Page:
Earlier this week, we talked to Dr. Jon Erickson, a professor at the University of Vermont's Gund Institute for Ecological Economics about what he thinks a carbon tax would do for the state of Vermont.
Erickson said a tax on carbon would complement Vermont’s Comprehensive Energy Plan and existing greenhouse gas targets.
Dr. Art Woolf, professor of economics at the University of Vermont has another perspective.
Woolf says that for businesses that plan around the cost of energy, a carbon tax could make Vermont an unappealing location to do business.
“Any decisions that have been made based on a certain price of energy are going to turn out to have been bad decisions,” says Woolf. “Businesses that use a lot of energy - they might find it all a sudden, Vermont’s not a very good place to locate their business.”
And for individuals looking for a place to settle, Woolf says, a carbon tax would make it hard for Vermont to compete.
“Individuals that have made decisions on where to live, [the] type of house to build, or to buy," says Woolf. "Those decisions will have been pretty badly made, in hindsight."
Especially, Woolf says, if neighboring states like New Hampshire and Massachusetts aren’t on board with the tax.
Can Vermont make a difference alone?
“Would people use less carbon-based fuels, if you made it more expensive?” Woolf says, “The answer is, absolutely.”
“The real question is, ‘what kind of other effects would it have on the state?’ And frankly, I think Vermont is just too small of an entity, both geographically and in terms of our population, for it to work,” Woolf explains, “In the sense of getting people to use less carbon based energy, but not having all sorts of other negative effects on the economy and individuals.”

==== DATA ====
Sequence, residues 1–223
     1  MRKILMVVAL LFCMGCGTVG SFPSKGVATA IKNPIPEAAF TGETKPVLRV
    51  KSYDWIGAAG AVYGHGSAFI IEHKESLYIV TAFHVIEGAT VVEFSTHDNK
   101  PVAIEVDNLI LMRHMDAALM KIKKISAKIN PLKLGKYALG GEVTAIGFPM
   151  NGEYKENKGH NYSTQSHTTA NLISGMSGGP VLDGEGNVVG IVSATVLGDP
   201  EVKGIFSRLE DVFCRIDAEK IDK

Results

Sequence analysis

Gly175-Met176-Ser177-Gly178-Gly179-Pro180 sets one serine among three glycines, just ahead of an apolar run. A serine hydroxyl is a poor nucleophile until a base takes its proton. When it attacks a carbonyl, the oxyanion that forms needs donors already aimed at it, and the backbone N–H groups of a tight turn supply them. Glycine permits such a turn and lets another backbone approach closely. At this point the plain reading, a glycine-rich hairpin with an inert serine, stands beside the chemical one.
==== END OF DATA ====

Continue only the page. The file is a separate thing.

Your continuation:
But what also makes a difference, according to Woolf, is the size of the tax, should Vermont implement one. A smaller tax of “just a few pennies” says Woolf, “wouldn't make that much difference.”
“But if you're talking about a significant tax,” he explains, “Like 50 cents [or] $1 per gallon, then Vermont is too small. And in fact, even if it was done regionally with the New England it would probably still not be a great idea.”
Woolf says the bigger the region the tax applies to, the better, but also the more difficult it would be to implement.
“Let's suppose that Vermont emitted zero carbon into the atmosphere. What would that do to worldwide carbon? The amount of carbon in the atmosphere?” Woolf says, “The answer is [it] would do nothing.”
Woolf says that the argument for Vermont leading the charge on a carbon tax would not pay off for Vermonters or the global community.
“So we spend a whole lot of money, we have all sorts of dislocation effects,” explains Woolf, “And yet they would be no - not even significant - there would be no measurable decrease in carbon.”
“One of the problems Vermonters have is we think too much of ourselves. I don't think the rest of the world would look at Vermont and say, ‘oh wow! They did it! Well, we might as well do it!” says Woolf.
How carbon taxation works around the world
In 2008, British Columbia implemented a carbon tax that used the revenue to lower other taxes. Could a similar plan work in Vermont?
“A carbon tax should be predicated on an equal reduction in other taxes. Say we raise $100 million in carbon taxes, we should we should reduce $100 million in other taxes. Sales tax or income tax would be the two primary ones,” says Woolf.
While British Columbia has implemented such a tax, Woolf says that Vermont’s size compared to the Canadian province would make it hard for Vermont to make a comparable impact.
“Vermont only has 600,000 people,” Woolf notes, “British Columbia [is] several million people - there's a big difference there.” And that difference, says Woolf, is a major factor when looking at what kind of impact a carbon tax in Vermont could have on the environment.